2. The stigma of having COPD
  3. The responsibility to take care of yourself
  4. Options to keep healthy

Gamification elements such as scores and Patient Wellbeing Indicators were used to increase the engagement level of the modules and emphasize the importance of taking appropriate decisions at right time.

Outcomes

Mid-way through the program, Midmark surveyed a cross section of their sales and marketing teammates. Some of them have very little to do with COPD or selling spirometry products and services.

Here are some key insights

  • 91% of them found Dr. Tom’s overview video Very or Somewhat Useful
  • 97% found the “What is COPD” eLearning module Very or Somewhat Useful
  • 91% found the first Day in the Life gamification module Very or Somewhat Useful
  • No one found any of the above “not useful” even though they may not be involved with spirometry

What is interesting is that the videos and eLearning modules were rated higher than the hands-on spirometry workshops that only received an 80% useful score. The fact that the hands-on spirometry training received relatively less approval as compared to the other learning modalities, speaks about how remote/online learning, if planned and structured well, can get us the desired business results.

Learnings

Here are some key learnings that the Midmark team captured from their whole experience.

  • No matter how short a module is, learners like to know ahead of time how much time it will take them to complete the module
  • They found that allowing teammates to study topics remotely per their personal schedule allowed for more focused attention
  • Learners need to understand how the topic fits into their sales goals and corporate strategies
  • And, the learners’ managers need to understand how important it is for them to proactively support the learning

On June 18, 2020, Midmark Corporation and Harbinger Interactive Learning came together to deliver an insightful webinar touching upon all the above aspects. You may view the webinar recording here – https://www.youtube.com/watch?v=oW-IV7yblJs and hear it directly from Cleon Wellington, Professional Education Director at Midmark Corporation. For any further queries or to have a discussion, please reach out to info@harbingerlearning.com.

eLearning Conversations – A Passive Way to Learn

A dialog between two characters to present a scenario for learners – Does this sound familiar? All of us who have been associated with eLearning development, mostly have developed such samples showcasing conversations and scenarios.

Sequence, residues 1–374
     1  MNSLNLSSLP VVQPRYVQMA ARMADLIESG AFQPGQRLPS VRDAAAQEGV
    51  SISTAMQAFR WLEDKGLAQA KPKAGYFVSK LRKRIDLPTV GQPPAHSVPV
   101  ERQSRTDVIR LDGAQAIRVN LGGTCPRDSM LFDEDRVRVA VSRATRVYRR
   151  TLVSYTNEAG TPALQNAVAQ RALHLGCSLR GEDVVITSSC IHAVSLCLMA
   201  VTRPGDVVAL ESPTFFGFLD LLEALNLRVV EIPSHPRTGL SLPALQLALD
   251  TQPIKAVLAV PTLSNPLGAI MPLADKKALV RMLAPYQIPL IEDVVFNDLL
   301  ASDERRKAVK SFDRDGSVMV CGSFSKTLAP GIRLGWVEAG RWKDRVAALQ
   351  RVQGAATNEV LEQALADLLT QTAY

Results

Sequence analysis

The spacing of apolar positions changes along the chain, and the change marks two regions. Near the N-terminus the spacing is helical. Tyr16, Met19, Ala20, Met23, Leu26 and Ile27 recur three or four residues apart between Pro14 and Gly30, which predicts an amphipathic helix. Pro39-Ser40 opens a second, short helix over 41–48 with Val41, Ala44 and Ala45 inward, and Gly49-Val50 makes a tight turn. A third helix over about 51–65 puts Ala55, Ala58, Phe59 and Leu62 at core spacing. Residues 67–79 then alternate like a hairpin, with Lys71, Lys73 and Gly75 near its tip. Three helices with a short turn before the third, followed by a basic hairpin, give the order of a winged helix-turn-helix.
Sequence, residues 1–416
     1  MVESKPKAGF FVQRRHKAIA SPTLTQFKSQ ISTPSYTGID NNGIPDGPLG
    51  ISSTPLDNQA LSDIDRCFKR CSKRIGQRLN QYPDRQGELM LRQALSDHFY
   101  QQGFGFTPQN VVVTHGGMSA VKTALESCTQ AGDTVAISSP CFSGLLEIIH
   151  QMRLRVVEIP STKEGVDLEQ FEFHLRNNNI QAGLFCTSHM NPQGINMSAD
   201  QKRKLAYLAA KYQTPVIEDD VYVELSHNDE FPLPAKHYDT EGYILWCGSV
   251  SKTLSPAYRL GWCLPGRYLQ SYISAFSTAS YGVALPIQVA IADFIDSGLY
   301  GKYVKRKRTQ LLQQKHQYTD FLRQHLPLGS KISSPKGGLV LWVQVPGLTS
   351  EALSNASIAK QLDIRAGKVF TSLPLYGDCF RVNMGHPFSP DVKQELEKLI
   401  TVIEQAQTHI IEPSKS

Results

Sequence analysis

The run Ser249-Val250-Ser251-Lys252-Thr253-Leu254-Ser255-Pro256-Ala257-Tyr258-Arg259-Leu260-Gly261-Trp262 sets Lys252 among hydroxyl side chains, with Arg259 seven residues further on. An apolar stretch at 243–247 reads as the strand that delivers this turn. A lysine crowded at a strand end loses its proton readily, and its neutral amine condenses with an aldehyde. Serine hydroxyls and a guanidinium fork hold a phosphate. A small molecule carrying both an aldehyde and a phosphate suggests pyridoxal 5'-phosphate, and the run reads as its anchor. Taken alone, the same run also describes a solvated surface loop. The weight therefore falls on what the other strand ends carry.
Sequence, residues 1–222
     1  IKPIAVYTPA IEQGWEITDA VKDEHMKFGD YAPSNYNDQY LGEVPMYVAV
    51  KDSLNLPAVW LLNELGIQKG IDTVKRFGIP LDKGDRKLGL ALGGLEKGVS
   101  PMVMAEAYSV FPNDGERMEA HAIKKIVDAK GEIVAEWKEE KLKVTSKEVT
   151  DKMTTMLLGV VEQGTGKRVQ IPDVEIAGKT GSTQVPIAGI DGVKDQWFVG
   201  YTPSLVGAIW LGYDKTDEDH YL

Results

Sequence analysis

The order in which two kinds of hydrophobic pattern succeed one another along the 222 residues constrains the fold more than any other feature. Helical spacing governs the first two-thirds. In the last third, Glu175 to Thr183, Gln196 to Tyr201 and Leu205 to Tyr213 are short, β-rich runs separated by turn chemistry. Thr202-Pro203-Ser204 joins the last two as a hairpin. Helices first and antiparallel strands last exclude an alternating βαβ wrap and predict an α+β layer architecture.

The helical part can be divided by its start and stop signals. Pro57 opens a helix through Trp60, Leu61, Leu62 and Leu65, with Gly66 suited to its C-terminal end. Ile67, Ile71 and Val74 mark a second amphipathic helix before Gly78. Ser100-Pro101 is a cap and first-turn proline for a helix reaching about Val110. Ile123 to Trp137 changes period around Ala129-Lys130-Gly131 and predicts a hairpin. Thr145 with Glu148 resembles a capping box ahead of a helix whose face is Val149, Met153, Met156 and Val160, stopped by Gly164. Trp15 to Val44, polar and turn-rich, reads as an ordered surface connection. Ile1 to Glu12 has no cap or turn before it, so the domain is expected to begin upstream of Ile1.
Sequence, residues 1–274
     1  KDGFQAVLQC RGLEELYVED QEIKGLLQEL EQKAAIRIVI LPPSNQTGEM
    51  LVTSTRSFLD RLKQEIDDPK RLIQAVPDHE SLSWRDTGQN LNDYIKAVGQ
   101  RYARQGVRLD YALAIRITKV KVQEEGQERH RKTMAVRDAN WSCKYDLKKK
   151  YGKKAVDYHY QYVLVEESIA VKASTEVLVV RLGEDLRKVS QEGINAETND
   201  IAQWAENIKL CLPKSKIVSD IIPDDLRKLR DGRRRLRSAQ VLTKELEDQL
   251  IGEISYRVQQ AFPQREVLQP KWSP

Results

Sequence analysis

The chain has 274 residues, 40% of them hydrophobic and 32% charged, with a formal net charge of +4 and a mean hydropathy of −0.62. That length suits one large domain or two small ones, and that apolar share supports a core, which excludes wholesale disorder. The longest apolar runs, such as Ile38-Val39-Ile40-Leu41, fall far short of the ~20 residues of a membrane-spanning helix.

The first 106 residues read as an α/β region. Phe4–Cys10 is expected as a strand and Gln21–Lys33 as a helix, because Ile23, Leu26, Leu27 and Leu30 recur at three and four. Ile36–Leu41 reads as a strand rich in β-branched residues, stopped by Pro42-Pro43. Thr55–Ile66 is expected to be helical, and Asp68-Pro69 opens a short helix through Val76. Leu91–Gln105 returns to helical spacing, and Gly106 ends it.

There was a time when such conversations were considered an engaging way to learn. To make it more effective, voice-overs were added. But, let us step-back for a moment and think if it is an engaging and active mode of learning? Isn’t it a pretty passive way where the learner is simply watching the screen and is only following what is being displayed? The question that arises then is, if such conversations or scenarios are not very effective, then how do we solve this problem? One possible solution that I can think of is to have the learner interact with the system as part of the scenario. And based on how the learner interacts, the system can respond to the learner and take the conversation ahead. With advancement in technology, chatbots could be used as an important element of this.

Chatbots are a great way to engage learners in a conversation and experience the scenario unfold. To explain it better, imagine a conversation between a doctor and a patient on the symptoms to observe for a disease. The doctor needs to recommend the right medication. To train a doctor well on this scenario, we could have the doctor (learner) converse with a bot which acts as a patient. The bot would respond to the doctor’s examination questions. This would help the doctor to know the right set of questions and gather as much information as possible before getting into the actual scenario. This bot could even be voice-enabled which will allow the learner to talk to the bot.

And how do we take this to an eLearning course? Well, in an eLearning course, a bot can be embedded instead of the conversation slides. And when it comes to questions or assessments based on the scenario, the course can continue like usual. Such chatbots can be created using variety of technologies such as Google DialogFlow, Microsoft Q&A Maker, and Amazon Lex.

Chatbot in eLearning